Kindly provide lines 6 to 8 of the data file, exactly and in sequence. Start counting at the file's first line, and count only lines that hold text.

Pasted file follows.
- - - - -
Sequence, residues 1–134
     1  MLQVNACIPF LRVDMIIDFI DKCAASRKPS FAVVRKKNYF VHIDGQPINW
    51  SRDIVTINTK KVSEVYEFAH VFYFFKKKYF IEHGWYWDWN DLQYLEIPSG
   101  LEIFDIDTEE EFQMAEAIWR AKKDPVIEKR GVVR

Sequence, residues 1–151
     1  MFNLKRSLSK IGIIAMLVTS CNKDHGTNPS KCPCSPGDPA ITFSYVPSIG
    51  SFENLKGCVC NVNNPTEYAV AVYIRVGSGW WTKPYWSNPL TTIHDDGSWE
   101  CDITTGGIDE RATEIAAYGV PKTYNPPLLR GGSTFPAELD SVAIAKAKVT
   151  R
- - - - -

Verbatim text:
     1  MFNLKRSLSK IGIIAMLVTS CNKDHGTNPS KCPCSPGDPA ITFSYVPSIG
    51  SFENLKGCVC NVNNPTEYAV AVYIRVGSGW WTKPYWSNPL TTIHDDGSWE
   101  CDITTGGIDE RATEIAAYGV PKTYNPPLLR GGSTFPAELD SVAIAKAKVT